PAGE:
As we know, the art of socialism, from Vladimir Mayakovsky to Tomás G. Alea, put bureaucracy in the spotlight, ridiculing its mechanisms and mocking its triumphalist style. Cuban political jokes have done the same:

Papers are presented at a world conference on elephants. American newspapers deal with business and the elephant market; the French, on their sex life; the Germans, on prolegomena on a pachydermic phenomenology; the Soviets about their place in the struggle for peace. When the Cuban’s turn comes, he explains that he hasn’t had time to write anything, but wants to make a statement: “In 1999, Cuba will be the world’s leading exporter of elephants!

Probably nothing in Cuban political culture bears an imprint of real socialism comparable to the media. Criticized everywhere, congress of journalists and PCC included, the media continue to have this mark of origin, and were always the target of political jokes:

Reagan, Gorbachev and Fidel reach the afterlife, where they meet Napoleon. The latter tells them about the Battle of Waterloo. He tells Reagan that if he had had his air force, he would not have lost it (the battle); and neither, he told Gorbachev, had he had the naval fleet of the USSR. Then he said to Fidel: “If I had had the Grandmother newspaper, I would have lost the Battle of Waterloo. But no one would have known.

In its classic pattern, the dramaturgy of many Cuban stories incorporates the presidents of the United States, the USSR, and Cuba. The former are arrogant, unfit to decipher conservative riddles, slow; while the Cuban shows ingenuity and common sense, to end up “succeeding”. To a large extent, the character of Fidel in these jokes portrays the qualities with which Cubans identify.

The stories where Comandante Fidel appears as a character go back to the very beginning of the Revolution:

Fidel dies, but it is not known if he is in purgatory or in hell. Worried, Raúl calls both places and no one knows him. After a month, he decides to call the sky. When St. Peter answers the phone, he says, “Heavenly Cooperative, Patria o Muerte, Venceremos.”

The Fidel of these jokes alternates with living and dead, real and legendary characters, on the same level. Cubans visiting the USSR and Eastern Europe were surprised to compare this image with those of the leaders who populated the stories heard in Warsaw, Prague or Moscow. Although the mental agility and imagination displayed by the character can be classified as Cuban traits; his will, his perseverance and his power of persuasion reach mythical dimensions.

A joke from the 1980s says:

Fidel dies and appears at Heaven’s Gate, where he asks to speak with Jesus Christ. Saint Peter does not let him, but Fidel insists, until Jesus, curious, accepts. Although Saint Peter warns him that he cannot speak for more than 15 minutes, time passes and two hours later he decides to break it off, when Jesus says to Fidel: “I agree with all. What I don’t understand is why I have to be the second secretary.

While it’s overkill to interpret jokes as a social chronicle, there’s no doubt that, like works of art, these sources of humor make some aspect of the world around us sparkle.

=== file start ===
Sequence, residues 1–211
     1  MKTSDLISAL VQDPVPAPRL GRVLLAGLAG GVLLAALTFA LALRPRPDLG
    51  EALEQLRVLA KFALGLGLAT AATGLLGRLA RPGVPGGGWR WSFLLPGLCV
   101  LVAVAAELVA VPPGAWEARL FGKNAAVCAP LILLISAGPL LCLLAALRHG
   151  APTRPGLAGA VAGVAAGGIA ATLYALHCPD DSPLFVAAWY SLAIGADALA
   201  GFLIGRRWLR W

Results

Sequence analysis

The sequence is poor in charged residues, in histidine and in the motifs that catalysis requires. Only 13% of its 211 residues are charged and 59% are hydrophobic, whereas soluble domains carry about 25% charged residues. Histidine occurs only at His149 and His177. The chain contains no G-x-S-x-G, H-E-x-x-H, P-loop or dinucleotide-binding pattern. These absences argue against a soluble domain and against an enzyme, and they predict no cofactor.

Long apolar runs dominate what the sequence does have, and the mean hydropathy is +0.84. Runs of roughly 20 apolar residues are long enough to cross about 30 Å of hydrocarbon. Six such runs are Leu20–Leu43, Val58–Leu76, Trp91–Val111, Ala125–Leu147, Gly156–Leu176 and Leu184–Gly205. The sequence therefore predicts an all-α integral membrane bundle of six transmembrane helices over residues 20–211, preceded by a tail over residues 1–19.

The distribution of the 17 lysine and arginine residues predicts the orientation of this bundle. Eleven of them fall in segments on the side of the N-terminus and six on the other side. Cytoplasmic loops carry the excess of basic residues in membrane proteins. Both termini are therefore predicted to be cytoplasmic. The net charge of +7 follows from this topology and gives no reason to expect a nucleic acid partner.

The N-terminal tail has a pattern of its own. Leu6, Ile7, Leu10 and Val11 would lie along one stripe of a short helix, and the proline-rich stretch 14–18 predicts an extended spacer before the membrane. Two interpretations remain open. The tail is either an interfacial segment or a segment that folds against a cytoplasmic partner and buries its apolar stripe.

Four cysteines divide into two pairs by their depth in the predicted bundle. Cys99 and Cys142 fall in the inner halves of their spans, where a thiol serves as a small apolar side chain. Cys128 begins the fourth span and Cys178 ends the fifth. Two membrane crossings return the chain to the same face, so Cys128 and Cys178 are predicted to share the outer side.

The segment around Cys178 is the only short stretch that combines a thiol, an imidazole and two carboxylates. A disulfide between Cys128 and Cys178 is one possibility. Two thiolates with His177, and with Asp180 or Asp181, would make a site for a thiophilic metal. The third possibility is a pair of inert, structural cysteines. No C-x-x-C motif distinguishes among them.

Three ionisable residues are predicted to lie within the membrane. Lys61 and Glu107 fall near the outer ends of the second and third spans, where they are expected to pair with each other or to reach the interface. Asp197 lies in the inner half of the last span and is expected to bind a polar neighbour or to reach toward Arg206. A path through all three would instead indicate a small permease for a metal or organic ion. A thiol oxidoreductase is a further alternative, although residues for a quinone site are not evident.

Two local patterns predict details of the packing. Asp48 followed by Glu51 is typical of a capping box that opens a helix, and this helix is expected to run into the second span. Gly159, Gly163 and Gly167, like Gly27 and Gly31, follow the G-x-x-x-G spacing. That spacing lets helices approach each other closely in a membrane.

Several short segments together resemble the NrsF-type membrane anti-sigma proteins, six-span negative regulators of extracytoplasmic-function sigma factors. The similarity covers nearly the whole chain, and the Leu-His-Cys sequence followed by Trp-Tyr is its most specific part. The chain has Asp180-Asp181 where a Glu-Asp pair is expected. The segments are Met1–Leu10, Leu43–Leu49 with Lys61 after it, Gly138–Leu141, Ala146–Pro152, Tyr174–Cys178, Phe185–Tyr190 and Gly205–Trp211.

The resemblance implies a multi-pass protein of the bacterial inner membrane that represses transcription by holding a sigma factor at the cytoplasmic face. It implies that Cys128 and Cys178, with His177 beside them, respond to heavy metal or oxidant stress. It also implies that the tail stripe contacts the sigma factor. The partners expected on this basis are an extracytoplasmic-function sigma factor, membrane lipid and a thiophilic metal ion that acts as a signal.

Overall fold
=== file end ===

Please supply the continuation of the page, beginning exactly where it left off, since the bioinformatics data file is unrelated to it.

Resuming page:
Given the images on the island that have been circulating in recent weeks, one can see that there are many Cubas – not only inside but outside – who are portrayed in political jokes. This idea can hardly be better illustrated than in a story from the late 1990s:

The caravan with Fidel and the Pope is traveling along the Malecón, when a gust of wind throws the Pontiff’s cap into the sea. Fidel gets out, walks on the water, picks it up and they continue on their way. The next day, L’Osservatore Romano reports: “Miracolo all’Avana! Il Papa fa camminare sull’acqua Castro. Grandmother said: “Fidel saves the Pope’s hat. Another victory for socialism! El Nuevo Herald proclaims: “Castro is already on the verge of death. He can’t even swim!

Referring to humor in the culture of Cuban socialism requires, like everything else, marking the times. 35 years ago, in the mid-1980s, comedy groups began to grow and multiply. From their work and their perseverance was born a new art of comedy, with characters, workshops, groups of animators and dialogues with politics, without which comedy shows would be inconceivable, which could later do jokes about the ration book, company bosses or the Committees for the functions of guard of the Defense of the Revolution (CDR). Pushing back these boundaries of humor could foster a political culture capable of laughing at its excesses, of saddling solemnity, of bringing not only the ear, but also the voice close to the ground.

If among so many competing dreams I had to choose one, I would invite actor friends to contribute to the training of communicators, political executives, teachers and all those who have to lead or interact with different people. May they teach the art and technique of enchanting audiences, engaging in motivating conversation, igniting the imagination, provoking intelligence, making people think gracefully, from the a culture of good laughter that permeates the best of Cuban literature, theater, film, music and other arts.

Recovering the cultural heritage of Cuban political humor, and integrating it into life, in opposition to the cyber rags and vitriol that today pass through dialogue and reconciliation, would be one way of thinking about it.

Rafael Hernandez


Comments are closed.